The tram is part and parcel of everyday life in Finland in much the same way as gastronomy is. It is a good reason to involve the tram in Finland in every possible sense. A quintessential Helsinki tram experience takes you past the city’s palatial monuments.
The living pace in Singapore is fast, and we demand high speed in transportation too. The slow going tram in Finland, by comparison, is like a gentleman walking nobly on the street and living out his own unique lifestyle. The tram came into service on dating back to hundred years ago, and is one of the earliest forms of public transport in Finland. Getting around Helsinki on tram is an interesting experience as you can observe and photograph the lives of people in a relaxing way without needing to worry about the snow, sun or rain. Most tram passengers are not rushing for time. Instead they may just want to take a rest and think during the ride.
In trams, the history is visible in the present. The tram simply looks very different from the other vehicles in the city and it is often pretty old-fashioned, even the latest versions of it. More importantly, surprisingly old models are in active use. In Helsinki, the oldest tramcars are actually older than many parts of the city.
Helsinki’s trams are somewhat different from those of Prague. In Helsinki, many say that the city proper ends where the tram lines end, and some even decide where to live on the basis of whether it can be reached by the tram or not. Thus, the tram can be seen as a central epitome of urbanity, even more so than the subway, which often reaches the suburbs, but quite unlike, say, the car. For many, this sort of urbanity of a certain form of transportation is undoubtedly an advantage because it can be used as a means to strengthen their own urban identity.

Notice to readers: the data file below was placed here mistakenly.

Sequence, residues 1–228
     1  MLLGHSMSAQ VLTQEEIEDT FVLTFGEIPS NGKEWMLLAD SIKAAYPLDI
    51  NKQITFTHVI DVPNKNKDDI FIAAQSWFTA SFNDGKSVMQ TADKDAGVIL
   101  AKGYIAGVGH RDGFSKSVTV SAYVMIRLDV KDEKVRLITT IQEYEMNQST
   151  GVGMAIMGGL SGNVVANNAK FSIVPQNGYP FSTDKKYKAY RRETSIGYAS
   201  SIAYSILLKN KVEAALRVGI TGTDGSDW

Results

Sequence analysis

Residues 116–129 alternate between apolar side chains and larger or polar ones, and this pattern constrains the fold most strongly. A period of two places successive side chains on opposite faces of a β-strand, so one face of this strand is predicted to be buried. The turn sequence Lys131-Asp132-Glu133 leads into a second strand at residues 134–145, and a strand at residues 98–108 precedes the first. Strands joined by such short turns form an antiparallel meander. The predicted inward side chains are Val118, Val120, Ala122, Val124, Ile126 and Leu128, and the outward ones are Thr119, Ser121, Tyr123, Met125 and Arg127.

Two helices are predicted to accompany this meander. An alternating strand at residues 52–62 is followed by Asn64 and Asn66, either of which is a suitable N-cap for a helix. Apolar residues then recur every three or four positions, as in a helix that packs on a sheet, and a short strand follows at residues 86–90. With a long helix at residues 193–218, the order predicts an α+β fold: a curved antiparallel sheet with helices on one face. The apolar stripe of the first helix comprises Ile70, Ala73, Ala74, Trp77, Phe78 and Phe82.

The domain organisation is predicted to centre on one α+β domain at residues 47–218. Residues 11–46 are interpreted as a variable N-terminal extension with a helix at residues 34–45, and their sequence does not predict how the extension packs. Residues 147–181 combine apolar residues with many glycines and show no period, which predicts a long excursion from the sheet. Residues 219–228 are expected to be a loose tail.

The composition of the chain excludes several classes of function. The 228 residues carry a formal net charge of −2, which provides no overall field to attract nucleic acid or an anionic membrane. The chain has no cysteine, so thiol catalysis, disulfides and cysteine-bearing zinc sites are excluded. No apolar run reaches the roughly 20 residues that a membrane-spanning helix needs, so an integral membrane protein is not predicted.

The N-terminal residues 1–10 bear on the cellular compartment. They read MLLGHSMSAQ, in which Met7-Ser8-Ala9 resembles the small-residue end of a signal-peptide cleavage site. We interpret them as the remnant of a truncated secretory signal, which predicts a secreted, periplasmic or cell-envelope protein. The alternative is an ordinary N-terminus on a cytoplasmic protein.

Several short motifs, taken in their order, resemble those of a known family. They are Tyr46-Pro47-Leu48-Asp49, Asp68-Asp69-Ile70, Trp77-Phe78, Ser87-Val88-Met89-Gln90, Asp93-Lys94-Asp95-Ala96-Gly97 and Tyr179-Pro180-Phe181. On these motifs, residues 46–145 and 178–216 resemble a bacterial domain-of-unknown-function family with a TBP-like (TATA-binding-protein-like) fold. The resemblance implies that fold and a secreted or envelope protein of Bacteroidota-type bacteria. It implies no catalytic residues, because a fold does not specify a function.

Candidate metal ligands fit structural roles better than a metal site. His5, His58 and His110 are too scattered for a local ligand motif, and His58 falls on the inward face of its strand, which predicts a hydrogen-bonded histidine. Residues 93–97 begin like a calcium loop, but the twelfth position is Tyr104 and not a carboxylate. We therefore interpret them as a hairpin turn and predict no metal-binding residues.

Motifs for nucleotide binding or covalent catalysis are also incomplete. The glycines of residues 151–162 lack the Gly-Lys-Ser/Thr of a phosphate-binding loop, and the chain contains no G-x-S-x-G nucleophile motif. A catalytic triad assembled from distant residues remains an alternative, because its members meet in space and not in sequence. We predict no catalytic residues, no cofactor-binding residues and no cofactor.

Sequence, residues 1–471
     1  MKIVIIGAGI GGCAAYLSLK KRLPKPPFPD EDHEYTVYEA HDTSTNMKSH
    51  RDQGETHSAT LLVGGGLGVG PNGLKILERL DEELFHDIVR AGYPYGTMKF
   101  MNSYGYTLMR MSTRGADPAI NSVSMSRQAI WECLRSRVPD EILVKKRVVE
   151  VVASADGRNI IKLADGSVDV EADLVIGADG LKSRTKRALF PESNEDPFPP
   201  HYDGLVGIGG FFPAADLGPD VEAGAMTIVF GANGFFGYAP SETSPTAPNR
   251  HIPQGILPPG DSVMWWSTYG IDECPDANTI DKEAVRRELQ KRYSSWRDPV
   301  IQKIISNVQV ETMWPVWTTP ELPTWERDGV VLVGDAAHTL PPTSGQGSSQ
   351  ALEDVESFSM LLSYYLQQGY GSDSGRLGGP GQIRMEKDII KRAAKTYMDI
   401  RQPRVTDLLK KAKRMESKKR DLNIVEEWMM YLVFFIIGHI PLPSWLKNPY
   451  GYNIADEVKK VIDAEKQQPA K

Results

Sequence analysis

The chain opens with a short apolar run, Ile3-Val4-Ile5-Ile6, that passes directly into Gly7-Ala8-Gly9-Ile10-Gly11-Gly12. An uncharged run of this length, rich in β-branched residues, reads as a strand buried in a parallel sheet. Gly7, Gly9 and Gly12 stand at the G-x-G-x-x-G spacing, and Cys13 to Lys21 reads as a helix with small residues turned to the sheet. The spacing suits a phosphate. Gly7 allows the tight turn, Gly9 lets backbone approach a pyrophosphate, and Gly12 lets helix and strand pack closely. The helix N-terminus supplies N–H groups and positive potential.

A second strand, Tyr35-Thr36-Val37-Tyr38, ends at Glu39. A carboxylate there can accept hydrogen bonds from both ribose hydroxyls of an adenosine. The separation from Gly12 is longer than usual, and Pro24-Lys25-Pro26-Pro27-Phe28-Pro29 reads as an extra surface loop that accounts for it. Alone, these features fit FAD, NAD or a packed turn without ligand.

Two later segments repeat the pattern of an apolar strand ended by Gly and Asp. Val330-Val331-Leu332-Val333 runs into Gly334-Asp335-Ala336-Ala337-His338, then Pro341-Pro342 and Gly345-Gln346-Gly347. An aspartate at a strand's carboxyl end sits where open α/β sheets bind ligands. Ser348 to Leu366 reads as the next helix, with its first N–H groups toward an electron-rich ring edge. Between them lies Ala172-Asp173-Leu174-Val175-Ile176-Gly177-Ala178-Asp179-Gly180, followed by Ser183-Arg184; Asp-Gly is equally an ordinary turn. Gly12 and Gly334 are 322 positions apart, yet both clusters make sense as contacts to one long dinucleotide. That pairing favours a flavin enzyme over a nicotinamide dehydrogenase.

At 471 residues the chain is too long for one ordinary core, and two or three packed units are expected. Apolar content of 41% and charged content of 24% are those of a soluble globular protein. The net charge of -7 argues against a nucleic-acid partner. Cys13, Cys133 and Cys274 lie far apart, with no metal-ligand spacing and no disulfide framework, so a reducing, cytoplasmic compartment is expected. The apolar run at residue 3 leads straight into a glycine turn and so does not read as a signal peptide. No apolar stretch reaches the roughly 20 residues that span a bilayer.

If a city has trams, there is a good chance that it is a city that wishes to provide means of transportation that are urban, public, social, restrictive but reliable, pleasing to the senses, environmentally-friendly, and history-conscious. Most of these qualities are, to my mind, worth encouraging, and it is easy to see that they could – and should – be combined with other aspects of the city as well, not only with its transportation system. They should characterise the city at large and, of course, they could be promoted by other means than by the tram alone. I say ‘should’ because, to my mind, this would help to make the city a good place to live, work and visit. Its opposite would be a city which values extreme individuality and freedom in transportation and elsewhere. Everyone can imagine where that leads.
All this means that the tram directs and limits the experience of the city in its own way, quite like other ways of moving do, but it also makes some experiences possible that cannot be had in any other way. Thus, this reminds us of the simple fact that every solution concerning a city leads to some limitations but also to some possibilities. It is a matter of planning to try to see where different solutions lead, although all the planning in the world cannot foresee everything.